Re: Favorite Boxing Combinations?
I don't live by a combination list, it just doesn't seem practical to me. Although as for a counter that can lead to a combination, I LOVE the straight right to the body after slipping inside of a jab. It's all in one movement. I know that it's a good one when I hear a nice "Ooph", and then I can follow up with a left hook to the body/head.
Working up and down (and vice-versa) is good for creating an opening. A lot depends on how my opponent is reacting. I think that the fundamental jab, straight right, left hook can be effective at times, especially if my opponent just blocks it with their gloves on their head. This can at times make them narrow their guard, and then I can step around and get in a left hook. Sometimes I notice that if my opponent is concentrate on catching my jab, I can step around and get in a left hook behind their catcher's mitt. Lyle brought up before about throwing the uppercut after the hook, that is if they duck the hook, there's the uppercut that's on it's way. A lot just depends on who you're up against, and what works for each individual opponent.
Anyways, I don't believe in practicing combinations for combinations sake. Look, a decent boxer is going to be constantly adapting, and trying to hit you while trying to avoid getting hit. Preplanned moves can become liability in the ring when your opponent notices what you're doing. Now I'm not dismissing the practice of combination punching per se. Just remember that you're going to have to do it under pressure against a thinking and adapting opponent.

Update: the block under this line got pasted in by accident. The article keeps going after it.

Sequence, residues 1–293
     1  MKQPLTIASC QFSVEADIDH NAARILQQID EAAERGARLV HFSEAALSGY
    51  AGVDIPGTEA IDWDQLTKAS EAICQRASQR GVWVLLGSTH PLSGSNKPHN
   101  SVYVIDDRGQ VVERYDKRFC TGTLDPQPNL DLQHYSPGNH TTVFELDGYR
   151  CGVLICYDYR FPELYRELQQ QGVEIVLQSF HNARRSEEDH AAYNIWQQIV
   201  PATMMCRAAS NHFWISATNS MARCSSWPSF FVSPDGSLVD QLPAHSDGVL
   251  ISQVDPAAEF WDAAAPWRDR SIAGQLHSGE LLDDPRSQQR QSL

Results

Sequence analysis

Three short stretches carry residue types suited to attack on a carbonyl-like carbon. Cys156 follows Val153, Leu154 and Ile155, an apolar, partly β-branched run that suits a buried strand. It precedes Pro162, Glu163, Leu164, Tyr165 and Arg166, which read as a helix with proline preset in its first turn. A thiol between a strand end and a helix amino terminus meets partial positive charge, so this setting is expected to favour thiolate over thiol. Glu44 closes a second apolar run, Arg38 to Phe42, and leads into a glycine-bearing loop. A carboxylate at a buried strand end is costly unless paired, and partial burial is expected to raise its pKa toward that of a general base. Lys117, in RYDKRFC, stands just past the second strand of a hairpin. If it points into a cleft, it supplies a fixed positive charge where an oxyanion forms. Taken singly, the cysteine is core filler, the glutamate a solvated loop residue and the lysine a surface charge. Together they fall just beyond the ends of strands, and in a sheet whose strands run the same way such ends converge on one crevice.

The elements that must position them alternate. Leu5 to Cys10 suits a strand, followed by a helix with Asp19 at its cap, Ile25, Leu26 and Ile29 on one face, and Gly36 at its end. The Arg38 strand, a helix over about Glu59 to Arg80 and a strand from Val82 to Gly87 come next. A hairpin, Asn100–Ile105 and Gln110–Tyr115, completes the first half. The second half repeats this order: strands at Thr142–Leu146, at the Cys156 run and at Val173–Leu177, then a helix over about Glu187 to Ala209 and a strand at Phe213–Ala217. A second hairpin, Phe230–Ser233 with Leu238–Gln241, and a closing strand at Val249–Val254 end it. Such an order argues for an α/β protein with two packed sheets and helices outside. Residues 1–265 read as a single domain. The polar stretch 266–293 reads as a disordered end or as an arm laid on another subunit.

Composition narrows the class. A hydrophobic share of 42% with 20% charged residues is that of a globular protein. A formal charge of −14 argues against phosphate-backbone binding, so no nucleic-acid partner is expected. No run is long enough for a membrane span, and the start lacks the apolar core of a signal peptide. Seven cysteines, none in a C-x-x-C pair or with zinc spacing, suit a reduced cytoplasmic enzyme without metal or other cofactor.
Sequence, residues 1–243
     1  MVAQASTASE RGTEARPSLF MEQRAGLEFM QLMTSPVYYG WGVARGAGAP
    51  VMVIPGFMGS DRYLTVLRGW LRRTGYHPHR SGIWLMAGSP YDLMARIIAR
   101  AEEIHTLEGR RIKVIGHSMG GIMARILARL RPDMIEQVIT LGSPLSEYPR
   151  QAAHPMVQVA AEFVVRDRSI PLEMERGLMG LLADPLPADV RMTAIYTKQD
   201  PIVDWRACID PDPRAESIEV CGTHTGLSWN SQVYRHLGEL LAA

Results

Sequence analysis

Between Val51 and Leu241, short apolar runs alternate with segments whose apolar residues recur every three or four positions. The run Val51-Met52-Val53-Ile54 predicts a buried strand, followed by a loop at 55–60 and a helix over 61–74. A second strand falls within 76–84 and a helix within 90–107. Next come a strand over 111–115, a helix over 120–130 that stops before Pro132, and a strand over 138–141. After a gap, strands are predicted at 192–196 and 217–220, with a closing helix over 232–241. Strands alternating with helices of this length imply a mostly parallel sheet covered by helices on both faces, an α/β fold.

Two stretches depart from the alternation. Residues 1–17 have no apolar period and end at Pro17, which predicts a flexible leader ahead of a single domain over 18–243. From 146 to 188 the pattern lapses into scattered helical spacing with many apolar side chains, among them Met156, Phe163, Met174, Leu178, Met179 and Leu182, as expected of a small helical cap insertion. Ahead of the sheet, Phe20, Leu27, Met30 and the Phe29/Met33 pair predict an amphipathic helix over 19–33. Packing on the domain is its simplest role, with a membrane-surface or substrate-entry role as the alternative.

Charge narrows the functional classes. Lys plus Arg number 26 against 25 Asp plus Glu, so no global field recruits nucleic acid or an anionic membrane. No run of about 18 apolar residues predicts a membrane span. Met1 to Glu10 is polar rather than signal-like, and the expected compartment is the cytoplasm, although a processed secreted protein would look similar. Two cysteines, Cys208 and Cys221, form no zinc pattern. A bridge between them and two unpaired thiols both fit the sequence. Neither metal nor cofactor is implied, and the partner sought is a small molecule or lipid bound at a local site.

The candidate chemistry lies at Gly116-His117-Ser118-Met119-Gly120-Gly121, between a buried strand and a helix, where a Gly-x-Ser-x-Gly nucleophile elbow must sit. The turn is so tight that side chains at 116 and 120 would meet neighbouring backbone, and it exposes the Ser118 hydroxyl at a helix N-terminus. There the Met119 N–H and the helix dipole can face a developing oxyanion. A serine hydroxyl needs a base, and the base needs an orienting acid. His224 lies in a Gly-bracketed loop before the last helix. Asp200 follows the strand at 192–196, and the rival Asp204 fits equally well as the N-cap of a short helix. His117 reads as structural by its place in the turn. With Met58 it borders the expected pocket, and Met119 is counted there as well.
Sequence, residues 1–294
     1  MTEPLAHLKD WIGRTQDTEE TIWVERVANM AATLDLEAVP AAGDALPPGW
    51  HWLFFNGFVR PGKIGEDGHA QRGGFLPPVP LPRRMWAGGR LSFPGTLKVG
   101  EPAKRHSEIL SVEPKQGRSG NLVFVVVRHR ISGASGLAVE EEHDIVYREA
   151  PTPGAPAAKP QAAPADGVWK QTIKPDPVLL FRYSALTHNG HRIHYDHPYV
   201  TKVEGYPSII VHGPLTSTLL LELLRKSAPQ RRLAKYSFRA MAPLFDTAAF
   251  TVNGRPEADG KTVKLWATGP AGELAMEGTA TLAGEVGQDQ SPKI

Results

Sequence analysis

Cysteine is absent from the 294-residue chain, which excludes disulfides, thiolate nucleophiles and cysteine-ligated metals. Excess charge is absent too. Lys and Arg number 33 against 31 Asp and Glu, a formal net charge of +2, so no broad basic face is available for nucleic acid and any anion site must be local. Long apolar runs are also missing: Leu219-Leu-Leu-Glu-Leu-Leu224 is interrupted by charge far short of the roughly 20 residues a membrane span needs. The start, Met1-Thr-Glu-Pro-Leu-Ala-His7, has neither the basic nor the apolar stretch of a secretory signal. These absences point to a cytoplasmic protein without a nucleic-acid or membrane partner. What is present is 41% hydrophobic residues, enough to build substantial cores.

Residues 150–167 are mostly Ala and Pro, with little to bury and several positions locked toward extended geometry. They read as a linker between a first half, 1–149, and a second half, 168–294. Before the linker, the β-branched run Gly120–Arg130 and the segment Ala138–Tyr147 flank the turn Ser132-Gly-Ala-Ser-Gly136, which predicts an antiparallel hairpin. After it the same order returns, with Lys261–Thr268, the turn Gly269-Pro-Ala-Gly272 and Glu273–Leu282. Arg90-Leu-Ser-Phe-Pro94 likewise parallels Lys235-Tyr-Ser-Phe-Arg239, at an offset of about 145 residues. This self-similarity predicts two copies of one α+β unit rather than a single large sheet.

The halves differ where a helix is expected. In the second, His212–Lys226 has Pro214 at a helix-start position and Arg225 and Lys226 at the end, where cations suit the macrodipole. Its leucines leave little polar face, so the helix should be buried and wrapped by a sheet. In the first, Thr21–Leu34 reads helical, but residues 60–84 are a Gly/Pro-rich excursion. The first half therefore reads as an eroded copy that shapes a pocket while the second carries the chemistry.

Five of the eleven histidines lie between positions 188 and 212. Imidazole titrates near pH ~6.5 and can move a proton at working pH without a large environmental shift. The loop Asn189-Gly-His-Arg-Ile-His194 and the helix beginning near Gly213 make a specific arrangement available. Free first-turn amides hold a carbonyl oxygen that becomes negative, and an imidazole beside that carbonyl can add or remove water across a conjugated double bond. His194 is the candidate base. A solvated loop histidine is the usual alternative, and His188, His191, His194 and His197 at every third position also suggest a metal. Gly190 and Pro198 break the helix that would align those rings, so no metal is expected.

I think a good mentality that lends itself well to natural combination punching is as follows: Punch quick and accurately, let your punches settle in (punch through your opponent), and don't pull back too soon.
It's also a good idea to finish your combination with your lead hand. For one, you're a square target when throwing combinations, so finishing it with your lead hand gets you back into a fighting stance which enables you to avoid or defend against your opponents punches easier. Secondly, the jab is a good way to put some distance between you and your opponent. A lot of guys just want to keep punching, and the jab is a good punctuation mark to end an exchange.
If you hear a voice within you saying that I am not a painter, then by all means paint and that voice will be silenced.